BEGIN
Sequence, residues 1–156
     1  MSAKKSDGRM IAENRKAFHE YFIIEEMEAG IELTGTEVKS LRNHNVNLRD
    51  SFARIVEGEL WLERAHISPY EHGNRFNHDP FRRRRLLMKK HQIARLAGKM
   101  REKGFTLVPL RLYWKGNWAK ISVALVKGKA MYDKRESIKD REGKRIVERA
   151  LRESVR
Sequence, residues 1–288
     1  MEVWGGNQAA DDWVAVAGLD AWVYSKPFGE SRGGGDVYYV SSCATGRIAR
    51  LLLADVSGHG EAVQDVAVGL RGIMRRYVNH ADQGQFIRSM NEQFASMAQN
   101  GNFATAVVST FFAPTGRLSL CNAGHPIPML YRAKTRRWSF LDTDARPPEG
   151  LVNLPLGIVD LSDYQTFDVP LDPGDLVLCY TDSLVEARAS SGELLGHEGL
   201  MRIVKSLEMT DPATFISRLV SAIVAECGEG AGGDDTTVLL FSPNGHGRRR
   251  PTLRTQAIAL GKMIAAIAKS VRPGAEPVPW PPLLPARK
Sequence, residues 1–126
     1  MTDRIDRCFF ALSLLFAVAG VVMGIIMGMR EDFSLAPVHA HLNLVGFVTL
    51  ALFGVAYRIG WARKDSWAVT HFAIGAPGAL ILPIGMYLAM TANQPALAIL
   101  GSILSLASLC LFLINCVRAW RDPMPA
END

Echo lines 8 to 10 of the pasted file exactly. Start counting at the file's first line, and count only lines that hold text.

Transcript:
    51  LLLADVSGHG EAVQDVAVGL RGIMRRYVNH ADQGQFIRSM NEQFASMAQN
   101  GNFATAVVST FFAPTGRLSL CNAGHPIPML YRAKTRRWSF LDTDARPPEG
   151  LVNLPLGIVD LSDYQTFDVP LDPGDLVLCY TDSLVEARAS SGELLGHEGL